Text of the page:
Big Ten commissioner Jim Delany supports establishing a national injury report, a topic renewed by the approval of sports gambling in multiple states.
Delany opened conference media days in Chicago on Monday discussing the impact of legislation that could kick open the door to federal approval of sports betting.
“We’ve had a lot of discussion about the changes in gambling that will obviously occur in the coming years. Couple things. First thing I would say is I think we’ve got great students playing football. Trust them. They’re young,” Delany said. “We need to continue to educate them about the challenges associated with gambling and the importance of the integrity of the game.
“But I don’t think that they are more vulnerable today than they were before the Sullivan case. That’s the first thing I’d say. The second thing is I think we’ve got to double down on the educational element. I think we’ve done that over the years and we continue to do that.”
Delany said he doesn’t consider an injury report model such as the one used by the NFL each week a necessity. But he said he does believe fans and others with interest should know which players are available.
“I don’t call it an injury report as much as I think about it as player availability,” he said. “Whether that comes out of an injury or whether it comes out of eligibility or comes out of some transgression of one kind or another, I think we need to do that.
“I think we need to do that nationally. And I think the reason we need to do that is probably with the exception of the home field, the availability of personnel is critical to people who are interested in gambling legally or illegally. And therefore, when players are unavailable, we should know that, if they’re probably or likely, I don’t have the model code, but I do think it’s something that we should do and probably should have done it before, but certainly should do it now.”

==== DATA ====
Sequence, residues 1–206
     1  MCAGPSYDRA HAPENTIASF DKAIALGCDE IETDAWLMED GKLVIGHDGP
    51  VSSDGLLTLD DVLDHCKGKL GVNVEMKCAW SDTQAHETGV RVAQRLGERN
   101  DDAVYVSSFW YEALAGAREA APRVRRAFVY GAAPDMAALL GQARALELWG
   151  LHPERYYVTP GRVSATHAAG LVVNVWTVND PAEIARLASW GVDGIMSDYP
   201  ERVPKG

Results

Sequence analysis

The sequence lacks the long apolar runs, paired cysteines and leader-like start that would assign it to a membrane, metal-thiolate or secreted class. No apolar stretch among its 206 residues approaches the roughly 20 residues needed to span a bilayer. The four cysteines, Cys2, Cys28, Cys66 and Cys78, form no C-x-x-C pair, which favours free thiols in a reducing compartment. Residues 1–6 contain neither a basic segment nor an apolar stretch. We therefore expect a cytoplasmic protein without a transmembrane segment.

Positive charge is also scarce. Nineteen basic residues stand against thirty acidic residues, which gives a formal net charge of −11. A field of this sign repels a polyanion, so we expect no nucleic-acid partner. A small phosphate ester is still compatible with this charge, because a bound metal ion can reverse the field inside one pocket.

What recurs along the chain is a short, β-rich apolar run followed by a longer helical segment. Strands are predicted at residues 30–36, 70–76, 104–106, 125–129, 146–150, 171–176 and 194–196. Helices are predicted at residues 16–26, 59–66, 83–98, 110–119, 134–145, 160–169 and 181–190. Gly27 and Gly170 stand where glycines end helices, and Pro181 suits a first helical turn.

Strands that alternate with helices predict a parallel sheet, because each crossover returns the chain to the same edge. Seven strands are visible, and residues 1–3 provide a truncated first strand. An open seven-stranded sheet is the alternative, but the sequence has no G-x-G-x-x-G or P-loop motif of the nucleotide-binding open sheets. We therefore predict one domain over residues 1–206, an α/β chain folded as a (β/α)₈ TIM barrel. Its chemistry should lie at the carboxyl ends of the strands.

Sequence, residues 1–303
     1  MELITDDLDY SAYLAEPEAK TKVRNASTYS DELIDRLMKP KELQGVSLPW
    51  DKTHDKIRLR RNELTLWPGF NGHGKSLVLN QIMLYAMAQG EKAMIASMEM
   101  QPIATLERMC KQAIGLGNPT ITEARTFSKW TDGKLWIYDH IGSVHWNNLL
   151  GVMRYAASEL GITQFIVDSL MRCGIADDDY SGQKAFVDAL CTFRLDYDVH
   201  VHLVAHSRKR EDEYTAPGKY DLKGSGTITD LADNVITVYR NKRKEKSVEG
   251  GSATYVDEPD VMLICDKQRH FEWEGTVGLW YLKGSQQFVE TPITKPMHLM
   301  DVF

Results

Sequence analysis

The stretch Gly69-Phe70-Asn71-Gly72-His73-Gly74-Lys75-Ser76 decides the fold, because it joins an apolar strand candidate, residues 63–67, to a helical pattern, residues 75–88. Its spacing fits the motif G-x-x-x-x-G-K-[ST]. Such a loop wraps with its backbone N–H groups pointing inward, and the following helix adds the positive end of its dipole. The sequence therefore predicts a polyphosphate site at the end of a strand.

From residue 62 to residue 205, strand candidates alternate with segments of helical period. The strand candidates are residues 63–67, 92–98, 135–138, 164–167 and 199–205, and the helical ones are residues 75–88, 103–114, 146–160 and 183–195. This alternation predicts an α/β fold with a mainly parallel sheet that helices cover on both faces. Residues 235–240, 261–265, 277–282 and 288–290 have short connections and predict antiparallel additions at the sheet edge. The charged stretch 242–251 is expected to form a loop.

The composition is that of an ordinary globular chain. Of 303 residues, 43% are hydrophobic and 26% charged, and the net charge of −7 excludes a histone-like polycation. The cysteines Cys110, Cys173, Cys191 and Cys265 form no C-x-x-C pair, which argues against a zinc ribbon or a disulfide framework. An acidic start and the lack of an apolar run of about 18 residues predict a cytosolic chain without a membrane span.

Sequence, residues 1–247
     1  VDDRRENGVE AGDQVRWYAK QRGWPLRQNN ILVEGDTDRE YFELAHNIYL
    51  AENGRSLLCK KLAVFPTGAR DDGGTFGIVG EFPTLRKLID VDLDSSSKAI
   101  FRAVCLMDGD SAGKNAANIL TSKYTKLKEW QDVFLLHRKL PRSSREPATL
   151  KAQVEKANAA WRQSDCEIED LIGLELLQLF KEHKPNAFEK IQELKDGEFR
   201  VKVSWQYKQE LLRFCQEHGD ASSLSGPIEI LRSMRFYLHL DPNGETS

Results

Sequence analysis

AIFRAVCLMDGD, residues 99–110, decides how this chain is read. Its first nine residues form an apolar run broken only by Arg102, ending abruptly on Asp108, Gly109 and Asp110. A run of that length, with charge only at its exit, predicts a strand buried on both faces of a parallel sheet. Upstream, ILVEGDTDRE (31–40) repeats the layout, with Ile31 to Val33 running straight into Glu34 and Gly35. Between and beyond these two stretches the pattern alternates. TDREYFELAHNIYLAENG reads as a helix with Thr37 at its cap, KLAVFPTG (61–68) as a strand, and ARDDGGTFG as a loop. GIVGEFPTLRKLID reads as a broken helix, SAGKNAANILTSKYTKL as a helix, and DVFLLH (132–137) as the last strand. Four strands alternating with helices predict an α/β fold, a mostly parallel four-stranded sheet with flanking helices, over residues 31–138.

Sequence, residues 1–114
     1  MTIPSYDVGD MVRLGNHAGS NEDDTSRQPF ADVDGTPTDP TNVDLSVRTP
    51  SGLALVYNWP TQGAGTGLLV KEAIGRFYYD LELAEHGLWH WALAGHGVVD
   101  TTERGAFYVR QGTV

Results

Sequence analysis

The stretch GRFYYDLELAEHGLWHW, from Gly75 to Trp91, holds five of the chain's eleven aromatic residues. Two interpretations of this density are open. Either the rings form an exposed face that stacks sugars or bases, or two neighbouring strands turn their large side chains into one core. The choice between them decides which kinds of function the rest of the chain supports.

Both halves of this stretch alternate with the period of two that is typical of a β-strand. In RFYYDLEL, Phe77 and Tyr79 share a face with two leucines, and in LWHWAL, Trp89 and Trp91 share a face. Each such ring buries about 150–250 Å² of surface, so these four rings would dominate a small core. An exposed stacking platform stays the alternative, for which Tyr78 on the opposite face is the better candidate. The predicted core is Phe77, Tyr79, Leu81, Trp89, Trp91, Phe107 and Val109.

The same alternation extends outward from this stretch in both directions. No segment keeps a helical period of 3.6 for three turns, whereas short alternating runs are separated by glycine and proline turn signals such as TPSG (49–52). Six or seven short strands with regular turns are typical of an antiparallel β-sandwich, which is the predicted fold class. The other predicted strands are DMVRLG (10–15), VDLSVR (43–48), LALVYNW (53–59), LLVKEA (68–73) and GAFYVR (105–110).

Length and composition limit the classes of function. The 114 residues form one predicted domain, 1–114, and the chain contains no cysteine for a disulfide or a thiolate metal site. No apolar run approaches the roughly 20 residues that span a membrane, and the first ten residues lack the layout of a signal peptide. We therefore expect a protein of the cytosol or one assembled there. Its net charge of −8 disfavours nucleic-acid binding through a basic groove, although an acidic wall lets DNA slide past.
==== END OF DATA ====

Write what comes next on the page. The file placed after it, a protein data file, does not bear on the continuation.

Delany responded to recent comments from national champion Villanova coach Jay Wright that college basketball players should make a three-year commitment instead of one, which is required for entry into the NBA.
The so-called one-and-done rule stipulates players must be one year removed from high school — a few notable athletes opted to play overseas — even in the most extreme circumstances.
“The NBA has gone back and forth on this issue,” Delany said. “But we don’t have control over that. We don’t really try to have control over that. But when they do things that are disruptive — and certainly, I think, the one-and-done has been to some extent disruptive — it’s not good for us and I’m not sure how good it is for them.
“From a personal perspective, it seems to me like the NFL model works for the NFL and its players. It works for us. There’s no choice there. But I think everybody recognizes that most high school players aren’t ready to play in college. Not even thinking seriously about putting a 17- or 18-year-old onto an NFL team.”
—Field Level Media